In contrast to corporal punishment, positive parenting is characterized by non-violent discipline and warmth in parent-child interactions. Benefits of positive parenting include healthier child development, better parental health, and less family conflict. Research suggests positive parenting is beneficial for families around the world; yet, research has also documented many barriers to positive parenting. Some of these barriers include war and societal conflict, natural disasters, material hardship, racism and discrimination, and cultural norms about violence. This symposium brings together four novel papers that examine complementary approaches to promoting positive parenting around the world in the context of these barriers.
The first paper uses nationally representative survey data harmonized across 56 low- and middle-income countries to address a thought-provoking question: what would happen if spanking were eliminated across the world? The authors estimate that if spanking were eliminated, there would be a one-third reduction in the prevalence of physical abuse, underscoring the importance of preventing corporal punishment globally.
The second paper is a randomized controlled trial, which tested two brief parenting education interventions, Triple P-Level 2 and Play Nicely, among mothers at Women, Infants, and Children (WIC) service clinics in the metro New Orleans area in the United States. Findings suggest that brief parenting education can promote positive discipline strategies and reduce parental support of the use of spanking among minoritized and economically disadvantaged families.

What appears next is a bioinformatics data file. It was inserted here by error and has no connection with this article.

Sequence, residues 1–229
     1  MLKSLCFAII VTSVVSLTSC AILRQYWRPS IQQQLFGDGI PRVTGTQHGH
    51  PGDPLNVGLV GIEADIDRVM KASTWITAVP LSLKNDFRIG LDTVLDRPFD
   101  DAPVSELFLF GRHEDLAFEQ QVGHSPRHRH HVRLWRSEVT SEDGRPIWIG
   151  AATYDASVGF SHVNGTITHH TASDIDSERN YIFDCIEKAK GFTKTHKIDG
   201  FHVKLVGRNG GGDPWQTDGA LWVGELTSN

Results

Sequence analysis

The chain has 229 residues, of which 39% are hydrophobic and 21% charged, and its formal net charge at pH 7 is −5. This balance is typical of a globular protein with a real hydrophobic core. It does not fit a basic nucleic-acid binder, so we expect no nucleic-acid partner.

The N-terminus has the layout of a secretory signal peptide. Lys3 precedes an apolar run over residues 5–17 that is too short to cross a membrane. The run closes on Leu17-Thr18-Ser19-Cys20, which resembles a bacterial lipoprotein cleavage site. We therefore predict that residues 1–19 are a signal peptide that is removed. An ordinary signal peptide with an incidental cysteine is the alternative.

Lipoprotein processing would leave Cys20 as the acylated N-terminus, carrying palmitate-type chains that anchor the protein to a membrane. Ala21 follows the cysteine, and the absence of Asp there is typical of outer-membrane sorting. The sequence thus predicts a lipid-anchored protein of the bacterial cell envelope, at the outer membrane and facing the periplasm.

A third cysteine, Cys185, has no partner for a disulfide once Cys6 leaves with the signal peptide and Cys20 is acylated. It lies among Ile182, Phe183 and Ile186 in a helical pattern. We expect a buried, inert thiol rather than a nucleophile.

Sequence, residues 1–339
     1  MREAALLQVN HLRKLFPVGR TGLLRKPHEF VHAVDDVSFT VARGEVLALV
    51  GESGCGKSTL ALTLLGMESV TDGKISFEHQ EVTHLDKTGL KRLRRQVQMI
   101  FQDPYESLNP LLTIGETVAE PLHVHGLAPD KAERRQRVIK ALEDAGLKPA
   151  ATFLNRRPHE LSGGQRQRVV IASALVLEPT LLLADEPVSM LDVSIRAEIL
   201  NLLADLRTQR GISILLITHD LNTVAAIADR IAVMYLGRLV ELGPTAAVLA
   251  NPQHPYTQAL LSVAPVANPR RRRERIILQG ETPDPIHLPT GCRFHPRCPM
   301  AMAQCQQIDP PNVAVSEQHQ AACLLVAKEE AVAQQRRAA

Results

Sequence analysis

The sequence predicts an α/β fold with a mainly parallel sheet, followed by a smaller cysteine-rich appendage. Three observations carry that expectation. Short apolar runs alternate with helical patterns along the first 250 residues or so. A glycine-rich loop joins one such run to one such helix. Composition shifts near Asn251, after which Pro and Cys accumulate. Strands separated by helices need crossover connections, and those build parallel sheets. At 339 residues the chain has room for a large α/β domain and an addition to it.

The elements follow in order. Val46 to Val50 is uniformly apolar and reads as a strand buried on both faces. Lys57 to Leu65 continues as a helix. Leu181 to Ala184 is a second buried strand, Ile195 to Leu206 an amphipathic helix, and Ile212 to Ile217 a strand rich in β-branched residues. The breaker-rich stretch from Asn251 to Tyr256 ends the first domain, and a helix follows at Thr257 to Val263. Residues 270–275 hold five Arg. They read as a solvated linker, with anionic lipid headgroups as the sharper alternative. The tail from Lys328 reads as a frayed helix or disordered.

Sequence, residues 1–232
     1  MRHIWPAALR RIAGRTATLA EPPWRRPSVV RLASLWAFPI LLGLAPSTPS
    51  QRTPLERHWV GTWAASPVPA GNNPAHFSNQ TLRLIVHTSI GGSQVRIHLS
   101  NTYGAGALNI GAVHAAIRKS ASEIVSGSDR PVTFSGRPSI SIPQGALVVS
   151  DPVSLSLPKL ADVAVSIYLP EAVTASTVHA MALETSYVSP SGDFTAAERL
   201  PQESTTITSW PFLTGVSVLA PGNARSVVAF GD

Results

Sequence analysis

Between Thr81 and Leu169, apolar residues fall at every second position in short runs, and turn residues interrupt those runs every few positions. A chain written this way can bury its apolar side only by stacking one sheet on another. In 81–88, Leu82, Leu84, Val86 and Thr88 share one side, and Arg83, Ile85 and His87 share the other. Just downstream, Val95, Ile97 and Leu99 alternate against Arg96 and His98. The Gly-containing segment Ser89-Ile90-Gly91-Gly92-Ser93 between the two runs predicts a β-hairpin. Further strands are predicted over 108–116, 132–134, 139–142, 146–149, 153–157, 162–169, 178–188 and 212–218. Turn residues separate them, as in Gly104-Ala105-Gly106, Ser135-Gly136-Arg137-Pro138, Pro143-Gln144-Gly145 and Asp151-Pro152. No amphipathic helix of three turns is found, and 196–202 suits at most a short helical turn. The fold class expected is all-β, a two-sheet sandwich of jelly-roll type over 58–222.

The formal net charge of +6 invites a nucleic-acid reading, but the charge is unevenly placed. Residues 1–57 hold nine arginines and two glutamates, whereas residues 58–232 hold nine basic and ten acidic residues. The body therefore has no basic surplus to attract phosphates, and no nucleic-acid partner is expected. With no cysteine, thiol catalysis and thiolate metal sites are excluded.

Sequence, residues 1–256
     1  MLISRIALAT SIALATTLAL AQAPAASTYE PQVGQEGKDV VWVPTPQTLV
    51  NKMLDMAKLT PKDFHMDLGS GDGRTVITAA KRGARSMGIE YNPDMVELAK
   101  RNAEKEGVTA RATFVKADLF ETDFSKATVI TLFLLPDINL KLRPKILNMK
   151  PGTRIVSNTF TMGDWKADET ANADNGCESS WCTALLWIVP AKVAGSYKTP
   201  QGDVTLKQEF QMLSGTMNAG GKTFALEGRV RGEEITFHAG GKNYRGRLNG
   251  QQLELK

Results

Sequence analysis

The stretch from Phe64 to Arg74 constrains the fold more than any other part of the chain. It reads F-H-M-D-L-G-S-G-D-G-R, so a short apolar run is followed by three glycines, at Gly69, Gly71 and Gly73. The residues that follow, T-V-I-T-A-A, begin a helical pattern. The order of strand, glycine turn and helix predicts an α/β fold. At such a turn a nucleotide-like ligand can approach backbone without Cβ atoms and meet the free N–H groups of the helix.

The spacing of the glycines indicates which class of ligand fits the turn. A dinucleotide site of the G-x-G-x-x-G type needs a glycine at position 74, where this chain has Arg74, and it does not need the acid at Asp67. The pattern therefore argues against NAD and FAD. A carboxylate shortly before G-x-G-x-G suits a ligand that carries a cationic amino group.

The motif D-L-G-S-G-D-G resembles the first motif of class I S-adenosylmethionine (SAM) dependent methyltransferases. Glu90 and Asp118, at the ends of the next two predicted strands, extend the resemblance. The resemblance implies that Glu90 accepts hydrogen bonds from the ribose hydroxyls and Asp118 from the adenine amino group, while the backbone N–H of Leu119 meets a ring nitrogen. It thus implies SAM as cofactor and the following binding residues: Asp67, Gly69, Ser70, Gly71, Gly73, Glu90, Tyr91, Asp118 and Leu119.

The third paper evaluates the implementation of the Positive Discipline in Everyday Parenting (PDEP) intervention in two settings: occupied Palestinian territories, a context besieged by decades of war, and Sendai, Japan, a region recovering from a natural disaster. The authors find evidence that the intervention was relevant and effective in both contexts, suggesting it may be useful in other settings experiencing violence or disaster.
The fourth paper uses data from a population-based survey of school children in 16 countries to examine how legal bans of corporal punishment in the home are associated with children's experiences at home. Findings suggest that corporal punishment bans are associated with children feeling safer at home and having more positive interactions with their parents, underscoring the role of policy interventions in promoting positive parenting.
The symposium's discussant is a scientist-practitioner who uses research to improve child and family services and to inform child and family policy. She has extensive experience conducting implementation and impact evaluations of early childhood and prevention programs. She will reflect on the strengths and limitations of the four papers and their implications for social work practice and policy in the U.S. and around the world.